United States Nuclear Regulatory Commission - Protecting People and the Environment

In-Tube Steam Condensation in the Presence of Air (NUREG/IA-0184)

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Publication Information

Date Published: June 2000

Prepared by:
A. Tanrikut/TAEA
O. Yesin/METU

Turkish Atomic Energy Authority
Eskisehir Yolu 06530 Ankara, Turkey
Middle East Technical University
06531 Ankara, Turkey

Prepared as part of:
The Agreement on Research Participation and Technical Exchange
under the International Code Application and Maintenance Program (CAMP)

Office of Nuclear Regulatory Research
U.S. Nuclear Regulatory Commission
Washington, DC 20555-0001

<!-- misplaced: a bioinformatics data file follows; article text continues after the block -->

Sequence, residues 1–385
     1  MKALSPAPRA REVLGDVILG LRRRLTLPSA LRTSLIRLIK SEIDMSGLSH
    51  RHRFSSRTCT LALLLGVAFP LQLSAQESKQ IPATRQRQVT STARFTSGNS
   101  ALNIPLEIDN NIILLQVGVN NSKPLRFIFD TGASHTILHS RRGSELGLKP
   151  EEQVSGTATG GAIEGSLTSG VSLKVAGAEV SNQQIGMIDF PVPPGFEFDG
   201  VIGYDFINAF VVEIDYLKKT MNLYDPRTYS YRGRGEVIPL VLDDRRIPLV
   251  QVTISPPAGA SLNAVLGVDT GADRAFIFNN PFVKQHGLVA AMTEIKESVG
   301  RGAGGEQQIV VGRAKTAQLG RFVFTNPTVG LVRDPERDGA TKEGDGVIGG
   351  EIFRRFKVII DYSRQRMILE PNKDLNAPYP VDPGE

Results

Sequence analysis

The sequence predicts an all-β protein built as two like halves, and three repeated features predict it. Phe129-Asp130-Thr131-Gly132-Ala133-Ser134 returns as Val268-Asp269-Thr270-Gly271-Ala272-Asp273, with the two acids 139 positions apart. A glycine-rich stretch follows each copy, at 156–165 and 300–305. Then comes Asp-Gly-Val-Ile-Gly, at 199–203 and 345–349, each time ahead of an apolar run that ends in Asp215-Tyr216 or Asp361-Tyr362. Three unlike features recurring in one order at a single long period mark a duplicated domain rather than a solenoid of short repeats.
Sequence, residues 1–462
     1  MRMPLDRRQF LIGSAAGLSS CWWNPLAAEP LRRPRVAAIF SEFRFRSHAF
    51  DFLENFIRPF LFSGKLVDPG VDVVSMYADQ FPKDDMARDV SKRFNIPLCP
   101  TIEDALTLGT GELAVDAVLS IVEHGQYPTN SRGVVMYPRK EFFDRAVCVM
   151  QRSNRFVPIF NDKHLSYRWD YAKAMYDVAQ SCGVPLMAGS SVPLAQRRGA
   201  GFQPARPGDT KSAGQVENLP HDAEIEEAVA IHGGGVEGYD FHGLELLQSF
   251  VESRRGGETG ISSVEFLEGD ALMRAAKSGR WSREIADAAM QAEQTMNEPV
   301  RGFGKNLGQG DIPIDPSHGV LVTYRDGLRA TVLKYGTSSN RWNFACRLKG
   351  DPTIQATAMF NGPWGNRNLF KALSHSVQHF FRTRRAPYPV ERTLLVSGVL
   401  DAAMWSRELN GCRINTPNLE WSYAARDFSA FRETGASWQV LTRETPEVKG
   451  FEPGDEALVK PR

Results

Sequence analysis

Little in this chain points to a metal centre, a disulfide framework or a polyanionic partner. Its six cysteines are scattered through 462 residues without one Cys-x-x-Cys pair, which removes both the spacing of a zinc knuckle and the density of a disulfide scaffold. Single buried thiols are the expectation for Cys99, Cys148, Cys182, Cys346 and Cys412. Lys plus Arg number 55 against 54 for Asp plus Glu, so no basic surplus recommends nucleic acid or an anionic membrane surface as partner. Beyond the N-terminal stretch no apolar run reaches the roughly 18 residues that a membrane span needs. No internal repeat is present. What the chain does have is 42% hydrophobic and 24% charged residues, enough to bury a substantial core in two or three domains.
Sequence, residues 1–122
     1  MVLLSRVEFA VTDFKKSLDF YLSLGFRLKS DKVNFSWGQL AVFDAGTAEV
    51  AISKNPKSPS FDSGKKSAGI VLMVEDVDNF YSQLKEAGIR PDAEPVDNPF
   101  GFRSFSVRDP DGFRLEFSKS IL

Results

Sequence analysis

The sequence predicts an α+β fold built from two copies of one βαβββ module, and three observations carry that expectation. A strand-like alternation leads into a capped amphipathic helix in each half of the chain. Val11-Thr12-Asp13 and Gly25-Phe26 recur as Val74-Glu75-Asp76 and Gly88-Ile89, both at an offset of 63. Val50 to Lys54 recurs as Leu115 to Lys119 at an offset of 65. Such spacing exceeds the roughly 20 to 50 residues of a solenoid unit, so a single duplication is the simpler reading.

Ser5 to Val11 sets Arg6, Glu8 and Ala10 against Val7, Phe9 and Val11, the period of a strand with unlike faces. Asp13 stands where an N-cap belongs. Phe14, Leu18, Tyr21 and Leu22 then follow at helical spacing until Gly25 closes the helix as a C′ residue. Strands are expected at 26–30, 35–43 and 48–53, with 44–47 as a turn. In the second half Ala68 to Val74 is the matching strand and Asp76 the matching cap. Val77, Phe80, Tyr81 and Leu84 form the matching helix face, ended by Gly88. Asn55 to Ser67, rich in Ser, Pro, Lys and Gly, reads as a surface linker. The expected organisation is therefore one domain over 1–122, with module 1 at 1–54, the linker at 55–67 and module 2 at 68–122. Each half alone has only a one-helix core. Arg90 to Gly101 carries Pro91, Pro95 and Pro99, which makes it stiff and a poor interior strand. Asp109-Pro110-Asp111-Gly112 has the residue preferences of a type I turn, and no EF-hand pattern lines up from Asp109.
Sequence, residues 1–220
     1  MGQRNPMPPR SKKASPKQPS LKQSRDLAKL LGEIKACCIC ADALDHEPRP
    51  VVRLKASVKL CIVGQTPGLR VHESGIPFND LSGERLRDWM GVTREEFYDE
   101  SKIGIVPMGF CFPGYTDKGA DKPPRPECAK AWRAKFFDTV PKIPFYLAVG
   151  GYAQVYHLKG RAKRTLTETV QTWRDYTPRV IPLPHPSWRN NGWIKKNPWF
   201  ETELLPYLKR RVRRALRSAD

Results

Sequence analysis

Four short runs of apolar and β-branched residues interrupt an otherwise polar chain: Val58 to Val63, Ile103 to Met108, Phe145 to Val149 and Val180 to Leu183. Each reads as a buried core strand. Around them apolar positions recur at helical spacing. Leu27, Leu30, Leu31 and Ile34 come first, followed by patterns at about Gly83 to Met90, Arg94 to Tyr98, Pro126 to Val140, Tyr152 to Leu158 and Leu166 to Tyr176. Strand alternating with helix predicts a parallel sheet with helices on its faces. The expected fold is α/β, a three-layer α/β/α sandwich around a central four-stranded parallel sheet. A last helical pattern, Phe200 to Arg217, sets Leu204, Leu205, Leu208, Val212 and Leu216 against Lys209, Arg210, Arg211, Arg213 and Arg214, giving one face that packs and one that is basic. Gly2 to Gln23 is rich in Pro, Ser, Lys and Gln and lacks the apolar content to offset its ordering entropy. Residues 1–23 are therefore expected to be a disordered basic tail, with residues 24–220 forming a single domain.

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In this research work, in-tube condensation in the presence of air is investigated experimentally for different operating conditions, and inhibiting effect of air is analyzed by comparing the experimental data of air/steam mixture with the data of corresponding pure steam cases, with respect to temperature, heat flux, air mass fraction, and film Reynolds number. The test matrix covers the range of; Pn=2–6 bars, Rev=45,000–94,000, and Xi=0 % – 52 %. The inhibiting effect of air manifests itself as a remarkable decrease in centerline temperature (10 °C – 50 °C), depending on inlet air mass fraction. However, the measured centerline temperature is suppressed compared to the predicted one, from the Gibbs-Dalton law, which indicates that the centerline temperature measurements are highly affected by inner wall thermal conditions, possibly due to narrow channel and high vapor Reynolds number. Even at the lowest air quality (10 %) the reduction of the local heat flux is 20 % while it reaches up to 50 % for the quality of 40 %. Vapor mass flow rate may dominate over system pressure, concerning the effect on local heat flux, for cases with air/vapor mixture. The situation is rather different in pure vapor runs, that is increase in system pressure has a strong effect on enhancement of predicted, and even measured, wall subcooling degree and hence on increase in local heat flux. The investigation for the effect of superheating of steam on condensation process reveals the fact that inlet superheating of steam has no considerable effect on heat flux. The calculated film Reynolds number decreases as air mass fraction increases at the same system pressure setting, and falls into the range of turbulent region (Ref > 300) for almost all experimental runs. The RELAP5 code overpredicted majority of experimental local heat flux data by 5 % – 50 %.

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